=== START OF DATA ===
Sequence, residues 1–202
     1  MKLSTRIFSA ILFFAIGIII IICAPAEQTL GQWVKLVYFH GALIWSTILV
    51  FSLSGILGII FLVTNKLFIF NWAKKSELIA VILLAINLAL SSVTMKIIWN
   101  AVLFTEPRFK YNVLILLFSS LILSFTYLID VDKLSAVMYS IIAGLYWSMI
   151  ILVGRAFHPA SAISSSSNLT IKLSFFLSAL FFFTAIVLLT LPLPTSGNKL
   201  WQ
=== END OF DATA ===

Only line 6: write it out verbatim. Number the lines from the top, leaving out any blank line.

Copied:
   201  WQ